Originally Posted by P18PPS View Post
So what are you suggesting.... buy Fisher and Paykel ??!!! The cost of the bloody things is astronomical - double the price of anything comparable.... you can get hotpoint repairs done, however they come with no warantee.

I really suggest having a look online at what you can get in NZ versus your local electrical hypermarket, do the conversion and see if it makes financial sense to bring stuff over.

There are brands other than F&P on the market, you can also buy refurbished which is exactly what we are doing... my mother works for an appliance repair and frequently has very upset expats at the time delays for replacement parts so my advice was based on a wee bit of knowledge in that area. Having experienced a 3 week delay here in the UK for a hotpoint repair on a brand new washing machine I can assure you it is no fun on this side of the world without having to deal with it on the other. If you already have appliance then the decision is definitely a more difficult one.
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Old Apr 1st 2011, 9:09 am
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Default Re: Some practical questions... white goods and cars

Originally Posted by Si19761 View Post
There are brands other than F&P on the market, you can also buy refurbished which is exactly what we are doing... my mother works for an appliance repair and frequently has very upset expats at the time delays for replacement parts so my advice was based on a wee bit of knowledge in that area. Having experienced a 3 week delay here in the UK for a hotpoint repair on a brand new washing machine I can assure you it is no fun on this side of the world without having to deal with it on the other. If you already have appliance then the decision is definitely a more difficult one.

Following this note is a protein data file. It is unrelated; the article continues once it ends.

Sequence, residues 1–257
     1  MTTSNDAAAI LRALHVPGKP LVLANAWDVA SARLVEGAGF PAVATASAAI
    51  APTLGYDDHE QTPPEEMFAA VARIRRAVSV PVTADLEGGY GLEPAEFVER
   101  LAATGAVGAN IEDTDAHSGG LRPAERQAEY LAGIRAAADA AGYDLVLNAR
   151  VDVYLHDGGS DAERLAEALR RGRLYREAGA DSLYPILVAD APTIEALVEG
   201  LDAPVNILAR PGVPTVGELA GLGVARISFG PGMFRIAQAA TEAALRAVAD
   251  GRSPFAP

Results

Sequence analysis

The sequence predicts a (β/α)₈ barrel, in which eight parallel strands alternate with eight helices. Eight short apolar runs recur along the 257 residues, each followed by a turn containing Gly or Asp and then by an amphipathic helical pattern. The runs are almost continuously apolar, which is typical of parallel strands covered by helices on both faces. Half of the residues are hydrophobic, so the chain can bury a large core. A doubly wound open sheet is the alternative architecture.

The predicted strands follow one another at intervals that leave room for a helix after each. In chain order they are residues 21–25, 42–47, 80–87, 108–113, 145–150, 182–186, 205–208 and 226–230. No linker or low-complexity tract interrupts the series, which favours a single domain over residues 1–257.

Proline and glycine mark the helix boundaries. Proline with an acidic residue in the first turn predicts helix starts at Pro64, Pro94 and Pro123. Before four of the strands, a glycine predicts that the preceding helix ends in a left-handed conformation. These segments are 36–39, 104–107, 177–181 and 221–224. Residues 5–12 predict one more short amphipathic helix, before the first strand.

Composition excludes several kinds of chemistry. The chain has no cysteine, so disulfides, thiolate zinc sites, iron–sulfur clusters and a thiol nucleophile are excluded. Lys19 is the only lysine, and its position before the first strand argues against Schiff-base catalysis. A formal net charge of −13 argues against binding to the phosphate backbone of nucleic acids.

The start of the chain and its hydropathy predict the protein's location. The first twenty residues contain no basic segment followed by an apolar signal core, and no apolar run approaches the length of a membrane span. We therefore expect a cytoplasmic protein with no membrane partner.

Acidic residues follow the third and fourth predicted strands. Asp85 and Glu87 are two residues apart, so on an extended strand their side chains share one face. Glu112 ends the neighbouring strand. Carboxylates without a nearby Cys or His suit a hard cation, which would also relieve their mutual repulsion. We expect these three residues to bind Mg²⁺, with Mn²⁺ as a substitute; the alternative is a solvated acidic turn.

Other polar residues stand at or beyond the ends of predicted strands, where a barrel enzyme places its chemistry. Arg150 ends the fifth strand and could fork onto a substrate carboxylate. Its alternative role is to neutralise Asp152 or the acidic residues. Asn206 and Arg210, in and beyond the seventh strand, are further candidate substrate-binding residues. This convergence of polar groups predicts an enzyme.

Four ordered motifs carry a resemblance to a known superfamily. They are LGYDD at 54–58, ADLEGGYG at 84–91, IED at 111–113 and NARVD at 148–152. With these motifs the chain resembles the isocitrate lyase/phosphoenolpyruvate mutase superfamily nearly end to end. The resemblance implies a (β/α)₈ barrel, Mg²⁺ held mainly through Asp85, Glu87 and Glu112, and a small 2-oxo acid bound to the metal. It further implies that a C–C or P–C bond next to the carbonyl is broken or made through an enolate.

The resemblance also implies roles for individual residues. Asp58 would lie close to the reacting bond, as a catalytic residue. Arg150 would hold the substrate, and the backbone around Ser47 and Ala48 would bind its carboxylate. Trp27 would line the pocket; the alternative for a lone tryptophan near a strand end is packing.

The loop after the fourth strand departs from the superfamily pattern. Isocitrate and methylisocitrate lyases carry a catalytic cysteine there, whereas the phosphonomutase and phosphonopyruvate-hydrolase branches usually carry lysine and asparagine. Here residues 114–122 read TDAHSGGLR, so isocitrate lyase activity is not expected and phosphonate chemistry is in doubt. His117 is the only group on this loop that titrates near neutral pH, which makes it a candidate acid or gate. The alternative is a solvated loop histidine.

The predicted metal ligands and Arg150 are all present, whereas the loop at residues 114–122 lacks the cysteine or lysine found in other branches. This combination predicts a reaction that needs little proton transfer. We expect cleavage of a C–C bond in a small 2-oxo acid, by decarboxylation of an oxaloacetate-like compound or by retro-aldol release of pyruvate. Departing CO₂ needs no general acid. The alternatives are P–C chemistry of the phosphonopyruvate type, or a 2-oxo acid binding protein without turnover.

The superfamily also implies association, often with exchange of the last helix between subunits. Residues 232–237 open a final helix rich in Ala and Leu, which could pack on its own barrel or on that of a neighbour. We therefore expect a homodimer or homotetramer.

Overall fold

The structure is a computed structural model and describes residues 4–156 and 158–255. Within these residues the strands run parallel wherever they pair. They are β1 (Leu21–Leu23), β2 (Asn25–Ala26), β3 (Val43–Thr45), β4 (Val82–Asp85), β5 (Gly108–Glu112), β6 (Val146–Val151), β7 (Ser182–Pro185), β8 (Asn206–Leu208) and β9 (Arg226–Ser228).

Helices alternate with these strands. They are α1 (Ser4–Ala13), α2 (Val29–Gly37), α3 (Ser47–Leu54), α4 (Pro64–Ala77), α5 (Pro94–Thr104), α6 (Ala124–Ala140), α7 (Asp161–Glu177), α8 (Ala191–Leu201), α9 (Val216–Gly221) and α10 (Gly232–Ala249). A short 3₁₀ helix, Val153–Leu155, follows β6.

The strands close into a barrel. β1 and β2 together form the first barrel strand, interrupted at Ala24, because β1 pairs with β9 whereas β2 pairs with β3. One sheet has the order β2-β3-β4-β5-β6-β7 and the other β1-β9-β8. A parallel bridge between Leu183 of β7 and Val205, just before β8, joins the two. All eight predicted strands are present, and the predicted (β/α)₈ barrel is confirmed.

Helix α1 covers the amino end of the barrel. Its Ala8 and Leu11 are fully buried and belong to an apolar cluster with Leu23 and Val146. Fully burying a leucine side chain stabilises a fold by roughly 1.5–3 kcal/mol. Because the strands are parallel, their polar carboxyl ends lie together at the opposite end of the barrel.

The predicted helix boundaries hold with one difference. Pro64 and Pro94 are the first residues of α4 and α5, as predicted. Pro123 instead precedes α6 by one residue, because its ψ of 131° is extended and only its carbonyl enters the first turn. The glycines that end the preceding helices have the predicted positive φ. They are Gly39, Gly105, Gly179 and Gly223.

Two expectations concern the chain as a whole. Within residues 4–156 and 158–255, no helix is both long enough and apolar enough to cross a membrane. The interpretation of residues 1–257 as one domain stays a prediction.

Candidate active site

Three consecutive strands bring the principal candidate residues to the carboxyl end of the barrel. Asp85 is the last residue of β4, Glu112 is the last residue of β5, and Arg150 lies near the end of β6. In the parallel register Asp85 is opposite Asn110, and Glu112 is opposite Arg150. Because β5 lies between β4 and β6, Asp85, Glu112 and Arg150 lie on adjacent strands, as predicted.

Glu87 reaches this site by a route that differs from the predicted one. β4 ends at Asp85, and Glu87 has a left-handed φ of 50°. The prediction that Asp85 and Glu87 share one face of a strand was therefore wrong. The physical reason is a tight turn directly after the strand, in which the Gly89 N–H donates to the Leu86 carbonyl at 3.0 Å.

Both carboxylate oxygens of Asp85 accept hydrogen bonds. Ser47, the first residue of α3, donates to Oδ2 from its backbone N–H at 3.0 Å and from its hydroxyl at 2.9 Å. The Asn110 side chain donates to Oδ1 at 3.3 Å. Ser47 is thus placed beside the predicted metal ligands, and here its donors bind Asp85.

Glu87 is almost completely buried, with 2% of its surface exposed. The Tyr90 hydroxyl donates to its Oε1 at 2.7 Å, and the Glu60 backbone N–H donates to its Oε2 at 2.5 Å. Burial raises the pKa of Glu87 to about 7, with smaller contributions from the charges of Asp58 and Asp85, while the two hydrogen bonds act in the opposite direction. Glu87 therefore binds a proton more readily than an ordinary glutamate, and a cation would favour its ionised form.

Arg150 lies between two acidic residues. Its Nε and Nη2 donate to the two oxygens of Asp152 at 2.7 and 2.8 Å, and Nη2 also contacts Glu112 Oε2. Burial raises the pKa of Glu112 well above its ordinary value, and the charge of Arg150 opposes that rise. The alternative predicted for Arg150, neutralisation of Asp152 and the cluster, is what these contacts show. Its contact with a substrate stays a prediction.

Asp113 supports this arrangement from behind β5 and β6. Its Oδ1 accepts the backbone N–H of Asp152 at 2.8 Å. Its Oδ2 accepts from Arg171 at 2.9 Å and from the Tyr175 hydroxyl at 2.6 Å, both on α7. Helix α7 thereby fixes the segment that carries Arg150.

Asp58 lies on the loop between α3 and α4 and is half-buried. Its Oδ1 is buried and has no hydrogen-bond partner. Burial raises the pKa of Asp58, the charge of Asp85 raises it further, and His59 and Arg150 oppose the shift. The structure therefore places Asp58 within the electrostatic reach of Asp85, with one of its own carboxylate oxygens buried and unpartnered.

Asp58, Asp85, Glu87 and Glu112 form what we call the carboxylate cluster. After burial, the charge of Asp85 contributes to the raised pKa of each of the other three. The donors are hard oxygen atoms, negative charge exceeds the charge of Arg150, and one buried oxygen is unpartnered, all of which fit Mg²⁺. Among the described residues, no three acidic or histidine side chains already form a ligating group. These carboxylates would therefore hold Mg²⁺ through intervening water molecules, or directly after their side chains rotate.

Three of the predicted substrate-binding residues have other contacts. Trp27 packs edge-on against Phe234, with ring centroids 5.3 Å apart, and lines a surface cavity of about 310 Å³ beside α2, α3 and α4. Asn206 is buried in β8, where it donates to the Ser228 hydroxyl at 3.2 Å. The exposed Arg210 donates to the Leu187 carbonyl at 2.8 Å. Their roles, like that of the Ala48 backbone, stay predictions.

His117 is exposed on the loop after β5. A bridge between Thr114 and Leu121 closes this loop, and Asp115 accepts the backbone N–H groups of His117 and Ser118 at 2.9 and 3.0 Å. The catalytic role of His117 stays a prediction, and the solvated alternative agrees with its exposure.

We bought a bog-standard microwave from Curry's before we left (6 years ago) - cost 25GBP, not long ago we had to replace the microwave (didn't even try to get it fixed), cost $90 for a similar warehouse bog-standard microwave. You have to weigh up the cost of the items, versus the possible cost of breakdowns, versus the ridiculously high price of items here - which point taken you'll get fixed with more ease - but what is the shelf-life of these goods anyway?

Warantees are a waste of money anyway - take the cost of them and place into your own separate bank account, then whenever something breaks down you can withdraw from said account.
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Old Apr 1st 2011, 11:59 am
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Default Re: Some practical questions... white goods and cars

Originally Posted by P18PPS View Post
So what are you suggesting.... buy Fisher and Paykel ??!!! The cost of the bloody things is astronomical - double the price of anything comparable.... you can get hotpoint repairs done, however they come with no warantee.

I really suggest having a look online at what you can get in NZ versus your local electrical hypermarket, do the conversion and see if it makes financial sense to bring stuff over.